The Social War and Sulpician Laws—The civil war that ended the Roman Republic really began in 91 B.C. when a proposition to grant full Roman citizenship to all Italians was defeated. This provoked the Roman Social War , a rebellion of some of the 'Italian Allies' against Rome. Although Rome was victorious, most of the rights of Roman citizenship were granted to all towns in Italy, but in such a way that native Romans would still control the senate, and therefore, the foreign policy of Italy. This was not, however, good enough for those who had fomented the war, and as soon as Sulla, Rome's greatest military commander, was no longer consul, key Roman politicians, most notably Marius, Sulpicius, and Cinna, began to advance the interests of the Italian allies over that of Roman citizens. The first effort to pass laws granting full, unrestricted Roman citizenship (and thus control of the government) to the Italian allies was put forth by the tribune Sulpicius, with the help of Marius, while Sulla was with the army in the east. However, when Sulla heard of these developments he returned to Rome, drove Sulpicius and Marius into exile, and oversaw the election of Octavius and Cinna as Consuls before returning to the front.

Cinna and the Marian Massacre—Although Cinna had previously shown no proclivity to support the cause of the Italian allies, once consul he proceeded to use his influence to resurrect the Sulpician laws, and raised a band of armed supporters. When the laws were brought before the senate for a vote, a great riot occurred, and Cinna was driven into exile. It was Cinna and his supporters, more so than Marius, who raised a vast army from certain Italian cities to threaten Rome, but the two commanders were in contact and their forces were coordinated. During this critical period Sulla and his legions were far in the east, and Octavius, the remaining consul, did not have the resources to defend the city. On the promise from Cinna that there would be no bloodshed, he permitted the exiles to enter the city. But Marius had made no such promise, and his slave soldiers massacred many of the Senate leaders without mercy. At first Cinna did nothing to stop these outrageous but he eventually brought them to an end. Soon after, he and Marius were elected consul without opposition. Marius died shortly thereafter and Cinna reigned supreme for three years. It would appear that Cinna, rather than Marius was the primary architect of the rebellion and it is no coincidence that Julius Caesar, though a young man during this time, was married to Cinna's daughter.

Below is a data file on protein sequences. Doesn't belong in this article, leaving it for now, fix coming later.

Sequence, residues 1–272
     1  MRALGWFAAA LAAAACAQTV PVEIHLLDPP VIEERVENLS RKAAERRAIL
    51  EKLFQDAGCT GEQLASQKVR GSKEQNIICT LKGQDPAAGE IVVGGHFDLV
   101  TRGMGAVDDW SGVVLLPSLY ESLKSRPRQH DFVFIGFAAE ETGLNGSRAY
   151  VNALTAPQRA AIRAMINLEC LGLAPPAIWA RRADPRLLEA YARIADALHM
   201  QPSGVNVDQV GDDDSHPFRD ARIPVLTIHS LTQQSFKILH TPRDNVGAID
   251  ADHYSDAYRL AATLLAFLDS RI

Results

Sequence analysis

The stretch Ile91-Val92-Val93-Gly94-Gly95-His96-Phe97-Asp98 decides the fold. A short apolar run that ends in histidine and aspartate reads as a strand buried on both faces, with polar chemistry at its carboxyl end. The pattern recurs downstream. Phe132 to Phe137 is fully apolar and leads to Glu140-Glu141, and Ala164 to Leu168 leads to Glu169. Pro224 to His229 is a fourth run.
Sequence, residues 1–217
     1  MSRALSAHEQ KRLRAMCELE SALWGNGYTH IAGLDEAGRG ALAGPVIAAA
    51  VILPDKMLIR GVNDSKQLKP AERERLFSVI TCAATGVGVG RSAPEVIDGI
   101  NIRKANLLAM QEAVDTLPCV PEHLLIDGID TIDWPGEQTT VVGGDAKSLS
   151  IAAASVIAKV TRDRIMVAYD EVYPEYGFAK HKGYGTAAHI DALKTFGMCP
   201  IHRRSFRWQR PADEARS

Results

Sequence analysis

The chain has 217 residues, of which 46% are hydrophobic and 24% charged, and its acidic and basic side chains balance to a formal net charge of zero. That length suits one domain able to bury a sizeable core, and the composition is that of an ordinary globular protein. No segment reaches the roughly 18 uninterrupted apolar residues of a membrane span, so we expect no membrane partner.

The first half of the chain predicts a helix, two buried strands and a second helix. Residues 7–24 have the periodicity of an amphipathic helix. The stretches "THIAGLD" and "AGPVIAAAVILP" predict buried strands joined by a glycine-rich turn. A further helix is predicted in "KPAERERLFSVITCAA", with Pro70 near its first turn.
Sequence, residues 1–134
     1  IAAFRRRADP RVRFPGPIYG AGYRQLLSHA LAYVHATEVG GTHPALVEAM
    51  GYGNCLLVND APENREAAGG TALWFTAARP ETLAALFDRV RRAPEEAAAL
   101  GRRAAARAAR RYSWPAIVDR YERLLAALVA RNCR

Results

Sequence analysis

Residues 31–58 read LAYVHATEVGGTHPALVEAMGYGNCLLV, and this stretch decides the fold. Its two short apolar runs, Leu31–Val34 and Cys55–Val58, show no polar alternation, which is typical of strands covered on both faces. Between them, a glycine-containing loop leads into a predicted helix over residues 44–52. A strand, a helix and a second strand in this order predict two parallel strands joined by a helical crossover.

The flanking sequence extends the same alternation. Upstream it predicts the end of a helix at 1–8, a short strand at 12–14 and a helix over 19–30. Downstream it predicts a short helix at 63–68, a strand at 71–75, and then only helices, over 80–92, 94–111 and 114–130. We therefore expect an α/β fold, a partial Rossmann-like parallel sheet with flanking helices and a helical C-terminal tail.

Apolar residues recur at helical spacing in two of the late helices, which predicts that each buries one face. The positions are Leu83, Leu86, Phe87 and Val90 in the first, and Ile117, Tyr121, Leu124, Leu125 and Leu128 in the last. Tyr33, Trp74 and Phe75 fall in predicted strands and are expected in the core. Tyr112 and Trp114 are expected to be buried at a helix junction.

Sulla Restores the Roman Senate—During the following years, many Roman leaders who had survived the massacre of Marius fled the city for Sulla's camp in the east. Cinna recognized that Sulla was a threat, and sent a legion to attempt to negotiate peace with Mithridates, in order to isolate Sulla. This effort failed, and many of Cinna's troops deserted or joined Sulla. Cinna tried to raise a new army to meet Sulla in the east, but his officers mutinied and killed him. The remaining populares leaders were unable to prevent Sulla's return, and had to depend mainly on their Italian allies, especially the Samnites (the historic enemies of Rome), to defend the city. Just outside the gates of Rome, Sulla's forces met with the Samnite army and after a brutal battle, the Samnite army was destroyed. By Sulla's orders, Roman prisoners of war were spared but all foriegn prisoners were brutally executed. By the savage destruction of the Samnite army, Sulla made it known that interference by the "Italian Allies" in the affairs of Rome would not be tolerated, a necessary condition for restoring power to the Senate class.

Once he assumed power in Rome Sulla dealt with his political enemies by 'proscribing' them. In this way he declared them 'public enemies', withdrew civic protections, confiscated their property, and provided rewards for their execuion. This caused many of his enemies to be murdered by their own slaves, or forced them into suicide or exile. Sulla's proscriptions targeted not only citizens of Rome, but known conspirators throughout Italy. The "Equestrian" class of wealthy merchants and tax-farmers (publicans) was hit the hardest since they were assumed to be allied with the populares program. Sulla made himself dictator, and in this position made changes to the Roman government that decreased the influence of the tribunes and equestrians, and increased the number of Senators and magistrates. He then resigned his dictatorship, released his body guards and retired to his villa to write his memoirs. However, he died unexpectedly soon after, and his history of the period has been lost. Sulla's "reforms" had put the government squarely in the hands of the citizens of Rome, and for over twenty years following, Rome was again governed according to Republican principles.